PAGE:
Lillie Keenan and C Coast Z Win the $100,000 USHJA International Hunter Derby Finals at Bluegrass Festival Horse Show
Lexington, KY – August 20, 2011 – It was an incredible night for the Final Round of the 2011 $100,000 USHJA International Hunter Derby Finals at the Bluegrass Festival Horse Show. Spectators gathered in the Rolex Stadium at the Kentucky Horse Park to see who would take home tonight’s victory. Junior Rider Lillie Keenan rode to success with C Coast Z proving to be unbeatable throughout tonight’s competition. Scott Stewart and Declaration took home the second place honors while Tammy Provost and Carlson earned the third place award.
After a 12-month qualifying period, the top 75 horses were invited to compete for championship honors. Yesterday the qualifying round was held in the Rolex Stadium, and the top 25 horse and rider combinations returned to show during tonight’s Second Round competition. Riders were tested over a Classic Hunter Course with the top 12 scoring combinations advancing to the Handy Hunter Course. Scores from yesterday’s qualifying round did not carry over and riders began with had a fresh start to impress the judges. However, the scores earned in the Classic Hunter Round did carry over in the Handy Hunter Round and was a factor in determining tonight’s results.
Scott Hofstetter, Otis Brown, Russell Frey, Julie Winkel, Carleton Brooks, Jimmy Torano, Jim Clapperton, and Mike Rosser had the pleasure of judging each of tonight’s rounds. The courses were designed by Bobby Murphy and Patrick Rhodes and were created to replicate traditional hunt country. The course was beautifully set, mimicking a picturesque hunt field and barnyard with a winding stream and fence separating the barnyard from the open fields. The courses included hedges, stonewalls, oxers, coops, hay bales, gates, logs, and an in-and-out. During the Handy Round there were several elements to test both horse and rider and plenty of opportunities to show off handiness and earn bonus points as well as four higher options that would add an additional point per fence to their base score due to their added heights and elevated difficulty.
“I thought the courses were beautiful. I thought that there were a lot of options, especially in the handy where you could show off,” remarked tonight’s winner fourteen-year-old Lillie Keenan. “I think most of us took advantage of that. They were beautiful. For me I think that most of the longer lines walked pretty open. Going in, I thought I would have to ride off my eye and trust that what I saw would be the right distance. As it turned out, riding the lines became a lot easier. I think it is a place where you know you have to trust your horse, trust your eye, and ride what you feel.”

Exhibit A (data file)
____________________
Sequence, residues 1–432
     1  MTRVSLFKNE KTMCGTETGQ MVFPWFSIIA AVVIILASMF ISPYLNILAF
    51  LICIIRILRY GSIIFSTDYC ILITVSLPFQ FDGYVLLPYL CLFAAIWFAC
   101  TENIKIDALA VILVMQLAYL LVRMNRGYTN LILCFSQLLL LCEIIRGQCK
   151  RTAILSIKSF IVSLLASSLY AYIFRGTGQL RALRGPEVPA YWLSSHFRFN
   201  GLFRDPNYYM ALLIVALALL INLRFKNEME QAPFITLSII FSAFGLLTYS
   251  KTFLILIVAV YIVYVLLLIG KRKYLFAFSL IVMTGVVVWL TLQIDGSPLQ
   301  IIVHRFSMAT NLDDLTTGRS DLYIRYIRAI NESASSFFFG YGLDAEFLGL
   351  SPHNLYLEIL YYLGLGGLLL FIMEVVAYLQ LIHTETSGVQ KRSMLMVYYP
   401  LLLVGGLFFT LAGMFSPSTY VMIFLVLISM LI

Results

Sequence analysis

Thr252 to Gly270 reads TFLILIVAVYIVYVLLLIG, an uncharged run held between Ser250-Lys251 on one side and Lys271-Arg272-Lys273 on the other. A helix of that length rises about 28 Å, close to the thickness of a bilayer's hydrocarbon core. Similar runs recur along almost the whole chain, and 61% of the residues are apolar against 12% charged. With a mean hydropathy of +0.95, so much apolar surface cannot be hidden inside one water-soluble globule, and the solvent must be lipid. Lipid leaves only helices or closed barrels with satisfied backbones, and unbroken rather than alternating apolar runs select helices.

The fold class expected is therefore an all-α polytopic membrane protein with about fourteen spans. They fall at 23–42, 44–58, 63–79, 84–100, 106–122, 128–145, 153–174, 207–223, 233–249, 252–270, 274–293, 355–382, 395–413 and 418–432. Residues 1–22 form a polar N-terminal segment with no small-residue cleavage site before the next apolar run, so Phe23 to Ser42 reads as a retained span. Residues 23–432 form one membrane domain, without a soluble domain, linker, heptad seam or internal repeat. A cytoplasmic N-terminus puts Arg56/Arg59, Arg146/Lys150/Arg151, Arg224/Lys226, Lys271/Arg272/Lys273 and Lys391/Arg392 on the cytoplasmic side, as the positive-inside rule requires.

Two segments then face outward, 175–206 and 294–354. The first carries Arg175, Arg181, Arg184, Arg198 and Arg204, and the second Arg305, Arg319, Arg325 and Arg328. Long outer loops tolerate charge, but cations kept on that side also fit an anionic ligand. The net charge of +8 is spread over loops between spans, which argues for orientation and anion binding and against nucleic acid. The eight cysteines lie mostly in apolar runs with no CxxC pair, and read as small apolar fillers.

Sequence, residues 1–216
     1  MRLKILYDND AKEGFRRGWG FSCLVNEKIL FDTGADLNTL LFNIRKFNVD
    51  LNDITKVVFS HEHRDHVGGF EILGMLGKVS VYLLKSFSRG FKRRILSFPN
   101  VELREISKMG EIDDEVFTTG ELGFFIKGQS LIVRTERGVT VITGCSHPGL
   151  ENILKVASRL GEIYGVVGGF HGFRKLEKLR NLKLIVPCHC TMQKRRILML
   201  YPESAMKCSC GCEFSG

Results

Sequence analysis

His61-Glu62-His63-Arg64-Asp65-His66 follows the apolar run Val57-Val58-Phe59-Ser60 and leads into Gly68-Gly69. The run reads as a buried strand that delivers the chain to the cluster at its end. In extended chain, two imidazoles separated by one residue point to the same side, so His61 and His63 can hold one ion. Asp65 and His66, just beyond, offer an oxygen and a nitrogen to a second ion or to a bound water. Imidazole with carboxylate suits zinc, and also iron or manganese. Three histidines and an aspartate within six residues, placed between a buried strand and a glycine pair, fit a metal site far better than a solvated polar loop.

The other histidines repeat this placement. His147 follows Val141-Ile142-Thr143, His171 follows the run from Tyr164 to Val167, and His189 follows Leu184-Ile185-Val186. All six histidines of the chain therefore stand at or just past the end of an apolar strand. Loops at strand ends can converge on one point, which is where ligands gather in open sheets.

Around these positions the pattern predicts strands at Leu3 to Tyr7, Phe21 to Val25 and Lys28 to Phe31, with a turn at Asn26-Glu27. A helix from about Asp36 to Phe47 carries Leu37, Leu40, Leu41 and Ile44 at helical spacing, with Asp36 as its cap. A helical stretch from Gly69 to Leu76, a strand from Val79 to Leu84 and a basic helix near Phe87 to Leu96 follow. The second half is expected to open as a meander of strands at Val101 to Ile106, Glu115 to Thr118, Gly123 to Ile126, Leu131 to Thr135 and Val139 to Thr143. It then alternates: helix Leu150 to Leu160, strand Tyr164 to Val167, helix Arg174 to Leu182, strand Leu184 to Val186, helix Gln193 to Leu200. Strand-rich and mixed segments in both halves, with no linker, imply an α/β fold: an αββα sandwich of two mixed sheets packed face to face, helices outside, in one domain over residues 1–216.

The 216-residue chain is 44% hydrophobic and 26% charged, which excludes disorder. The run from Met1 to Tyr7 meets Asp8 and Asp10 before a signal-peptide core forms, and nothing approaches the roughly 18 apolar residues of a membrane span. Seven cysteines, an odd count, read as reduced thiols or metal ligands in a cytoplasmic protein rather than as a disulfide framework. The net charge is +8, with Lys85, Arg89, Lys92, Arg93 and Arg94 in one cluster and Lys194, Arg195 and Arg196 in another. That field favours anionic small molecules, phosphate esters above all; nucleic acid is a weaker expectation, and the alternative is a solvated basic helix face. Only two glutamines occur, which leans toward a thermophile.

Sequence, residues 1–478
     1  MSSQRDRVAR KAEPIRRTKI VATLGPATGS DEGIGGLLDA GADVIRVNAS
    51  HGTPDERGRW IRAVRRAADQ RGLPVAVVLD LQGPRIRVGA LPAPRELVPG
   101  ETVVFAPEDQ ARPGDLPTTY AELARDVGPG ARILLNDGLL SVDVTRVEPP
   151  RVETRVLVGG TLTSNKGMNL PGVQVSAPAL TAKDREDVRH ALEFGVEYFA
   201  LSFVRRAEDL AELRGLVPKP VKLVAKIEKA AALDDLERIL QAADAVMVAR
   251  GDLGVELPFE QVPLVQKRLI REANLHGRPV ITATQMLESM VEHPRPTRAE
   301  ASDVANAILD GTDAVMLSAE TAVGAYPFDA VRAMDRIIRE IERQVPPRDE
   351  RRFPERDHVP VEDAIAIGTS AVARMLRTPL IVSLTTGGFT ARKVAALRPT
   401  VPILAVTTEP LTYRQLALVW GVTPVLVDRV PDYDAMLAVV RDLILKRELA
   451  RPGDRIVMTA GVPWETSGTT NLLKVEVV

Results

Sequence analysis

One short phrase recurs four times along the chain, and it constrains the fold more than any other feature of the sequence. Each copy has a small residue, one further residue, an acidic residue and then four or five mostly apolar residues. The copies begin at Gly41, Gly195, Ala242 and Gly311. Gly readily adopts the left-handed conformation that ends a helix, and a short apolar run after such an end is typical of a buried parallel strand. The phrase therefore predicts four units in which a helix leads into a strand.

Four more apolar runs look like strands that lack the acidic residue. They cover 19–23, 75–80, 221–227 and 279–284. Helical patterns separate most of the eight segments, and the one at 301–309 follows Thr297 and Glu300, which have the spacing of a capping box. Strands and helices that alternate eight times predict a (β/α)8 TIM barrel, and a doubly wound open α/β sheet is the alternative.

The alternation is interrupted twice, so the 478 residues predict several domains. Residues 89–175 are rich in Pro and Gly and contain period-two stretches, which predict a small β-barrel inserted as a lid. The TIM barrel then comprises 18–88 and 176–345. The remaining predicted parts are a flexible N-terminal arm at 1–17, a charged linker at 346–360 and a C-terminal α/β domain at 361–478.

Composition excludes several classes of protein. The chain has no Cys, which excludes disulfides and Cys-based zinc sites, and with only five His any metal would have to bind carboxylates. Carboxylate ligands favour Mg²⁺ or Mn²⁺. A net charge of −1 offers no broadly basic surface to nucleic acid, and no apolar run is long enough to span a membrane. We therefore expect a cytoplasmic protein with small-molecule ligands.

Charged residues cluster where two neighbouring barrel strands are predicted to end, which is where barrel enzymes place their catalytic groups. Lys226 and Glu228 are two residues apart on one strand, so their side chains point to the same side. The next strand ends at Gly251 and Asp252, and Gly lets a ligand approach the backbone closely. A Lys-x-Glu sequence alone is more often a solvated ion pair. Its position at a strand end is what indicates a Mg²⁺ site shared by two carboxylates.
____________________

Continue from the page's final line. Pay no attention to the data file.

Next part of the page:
The Handy Course was challenging from the start with the first fence heading straight away from the in gate and winding around to the first stonewall. Next, riders cantered down to the end of the ring where three fences were set to rollback from one to the next offering the opportunity to showcase a horse’s handiness. From there, a hand gallop had to be executed as they exited to the open field set before the crowd. Following the gallop was a coop set on an angle over the river, which required a precise ride after the open gallop. Then, riders were required to come to a walk and proceed through a narrow gate by the barnyard, after which, riders picked up the canter to jump the oxer just a few strides away, around the corner. They broke again this time to a trot over a small natural vertical and canter off to the right across the hedge in-and-out. Finally they turned right, entering the lane way and galloped to the last fence, a gate oxer. The pressure was on for all the horse and rider combinations as there were multiple options to showcase horse and rider abilities.
“I thought it was really cool how it looked like a farm. I felt like you could be driving down the road and see a farm,” said Panel Two Judge Julie Winkel. “It looked like an old hunt field with horses jumping through the hedges and past the barn, that was very cool.”
Scott Hofstetter, Panel One Judge added, “I liked the course. There were not a lot of cheap rails. All of the jumps were inviting. You didn’t have to judge all the rails being knocked down. It was different. The horses were able to jump around the jumps and there weren’t a lot of disappointing rails it seemed, which was nice to judge.”